Only 9% of Australian small to medium sized businesses brought a new idea to market in 2012-13, compared to 19% in the top five OECD countries.
Our vision is for Australians to be confident, embrace risk, pursue ideas and learn from mistakes, and for investors to back these ideas at an early stage.
We will provide new tax breaks to remove the bias against businesses that take risks and innovate, and we will support greater private sector investment by co-investing to commercialise promising ideas through a CSIRO Innovation Fund and a Biomedical Translation Fund.
Australia’s rate of collaboration between research and industry sectors is the lowest in the OECD. We need to encourage Australia’s world-class researchers and businesses to collaborate to shape our future industries and generate wealth.
We will change funding incentives so that more university funding is allocated to research that is done in partnership with industry; and invest over the long term in critical, world-leading research infrastructureto ensure our researchers have access to the infrastructure they need.
Too few Australian students are studying science, maths and computing in schools – skills that are critical to prepare our students for the jobs of the future. We also need to create an environment that attracts the world’s best talent to our shores.
We will support all Australian students to embrace the digital age by promoting coding and computing in schools to ensure our students have the problem solving and critical reasoning skills for high wage jobs. We will also link Australia to other innovative economies and change the visa system to attract more entrepreneurial and research talent from overseas.
Government has consistently lagged behind the private sector in innovation. We must back new ways of ‘doing business’ and learn from mistakes.
We will lead by example by becoming more innovative in how we deliver services and make data openly available to the public and make it easier for startups and innovative small businesses to sell technology services to government.
We will place innovation and science at the centre of the Government with a new sub-committee of Cabinet, and will establish Innovation and Science Australia as an independent advisory board.
The Government has a key role to play in setting a vision for the future of the nation and putting in place the policies that allow Australians to succeed and prosper.
This Agenda is an important step on the path to a more innovative and entrepreneurial economy.
It builds on key measures we have already put in place, including:
This package of measures is not the end of the Government’s commitment to nurturing a healthy innovation system.
We will make innovation central to all our major policies going forward. This will include a focus on innovation in the Defence White Paper and the Tax White Paper, and build on our responses to the Harper Competition Policy Review and the Murray Financial System Inquiry.
Part of being a Government committed to innovation is to lead by example and respond to changing circumstances.
We believe the measures in the Agenda put us on the right track to becoming a leading innovator. But we will also be open to adapting and changing course if things don’t work. This is what an agile government should do.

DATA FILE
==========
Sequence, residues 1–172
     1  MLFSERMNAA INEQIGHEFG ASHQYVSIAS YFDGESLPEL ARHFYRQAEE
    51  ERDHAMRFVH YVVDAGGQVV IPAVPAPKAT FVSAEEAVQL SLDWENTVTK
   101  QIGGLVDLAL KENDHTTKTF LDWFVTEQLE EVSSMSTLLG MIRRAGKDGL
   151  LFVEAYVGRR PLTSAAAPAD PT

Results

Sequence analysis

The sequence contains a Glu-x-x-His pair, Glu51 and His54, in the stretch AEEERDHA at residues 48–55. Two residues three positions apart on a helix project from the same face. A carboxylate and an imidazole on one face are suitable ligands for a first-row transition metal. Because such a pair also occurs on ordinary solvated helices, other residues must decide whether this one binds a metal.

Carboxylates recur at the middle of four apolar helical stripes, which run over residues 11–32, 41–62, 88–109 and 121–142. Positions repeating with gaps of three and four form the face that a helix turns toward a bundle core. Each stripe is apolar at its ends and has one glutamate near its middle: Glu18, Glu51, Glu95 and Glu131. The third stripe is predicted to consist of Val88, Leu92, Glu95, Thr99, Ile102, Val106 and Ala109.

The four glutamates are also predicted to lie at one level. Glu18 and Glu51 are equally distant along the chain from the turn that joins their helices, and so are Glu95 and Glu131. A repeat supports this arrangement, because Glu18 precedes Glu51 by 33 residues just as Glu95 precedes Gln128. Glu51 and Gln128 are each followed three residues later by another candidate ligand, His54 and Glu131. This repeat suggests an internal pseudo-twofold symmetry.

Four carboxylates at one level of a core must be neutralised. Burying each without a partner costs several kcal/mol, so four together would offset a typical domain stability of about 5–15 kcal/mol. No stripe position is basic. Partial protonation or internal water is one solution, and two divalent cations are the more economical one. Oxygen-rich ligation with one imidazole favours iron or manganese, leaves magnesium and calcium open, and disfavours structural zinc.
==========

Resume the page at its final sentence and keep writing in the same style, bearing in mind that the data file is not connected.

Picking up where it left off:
A more innovative Australia will improve the quality of life of Australians across the country, from our cities and our regions, to our rural and remote communities.
Every Australian will benefit from an agenda that puts innovation and science at the heart of government.
Australians have great ideas – both from our world class research and from traditional Australian ingenuity. We don’t always make the most of those ideas, missing the opportunity to transform them into new businesses and new jobs.
We need a greater emphasis on celebrating success rather than penalising failure. This takes a cultural shift to encourage more Australians and businesses to take a risk on a smart idea. We need to leave behind the fear of failure, and challenge each other to be more ambitious.
We need to improve the availability of finance for our innovative startups. The period between initial funding to when a startup begins generating revenue is known as the ‘valley of death’. During this time additional financing is usually scarce, leaving the business vulnerable to cash flow requirements.
Around 4,500 startups miss out on equity finance each year and access to additional finance is one of the main barriers to growth that startups face. Innovative businesses that don’t have a track record and that are not following a proven methodology can find it particularly difficult to raise finance from traditional sources. Early stage investors, whether individuals or companies, can play a key role, both in providing direct investments and in contributing their business experience.
The venture capital industry is gaining momentum in Australia, with over $600 million raised or planned since 30 June 2015. Confidence in early stage startup activity is strong, but this is primarily concentrated in the technology sector. It’s important that we build on this momentum, improving funding for promising projects right across the economy.
The measures in this package will address this funding gap and help ensure a steady flow of investment opportunities through to later stage venture capital investors.
Over the decade from 2001 to 2011, SMEs aged less than five years employed only around 15% of the Australian workforce, but made the highest contribution (40%) to net job creation in Australia.